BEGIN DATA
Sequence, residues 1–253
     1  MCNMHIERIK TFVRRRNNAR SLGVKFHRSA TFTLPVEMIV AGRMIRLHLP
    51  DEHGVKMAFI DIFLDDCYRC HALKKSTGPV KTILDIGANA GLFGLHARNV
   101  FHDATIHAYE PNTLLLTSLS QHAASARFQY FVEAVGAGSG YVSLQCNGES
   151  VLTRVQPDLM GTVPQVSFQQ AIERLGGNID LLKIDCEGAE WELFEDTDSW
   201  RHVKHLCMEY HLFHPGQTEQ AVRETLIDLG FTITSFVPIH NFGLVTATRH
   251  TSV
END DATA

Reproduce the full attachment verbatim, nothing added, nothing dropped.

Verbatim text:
Sequence, residues 1–253
     1  MCNMHIERIK TFVRRRNNAR SLGVKFHRSA TFTLPVEMIV AGRMIRLHLP
    51  DEHGVKMAFI DIFLDDCYRC HALKKSTGPV KTILDIGANA GLFGLHARNV
   101  FHDATIHAYE PNTLLLTSLS QHAASARFQY FVEAVGAGSG YVSLQCNGES
   151  VLTRVQPDLM GTVPQVSFQQ AIERLGGNID LLKIDCEGAE WELFEDTDSW
   201  RHVKHLCMEY HLFHPGQTEQ AVRETLIDLG FTITSFVPIH NFGLVTATRH
   251  TSV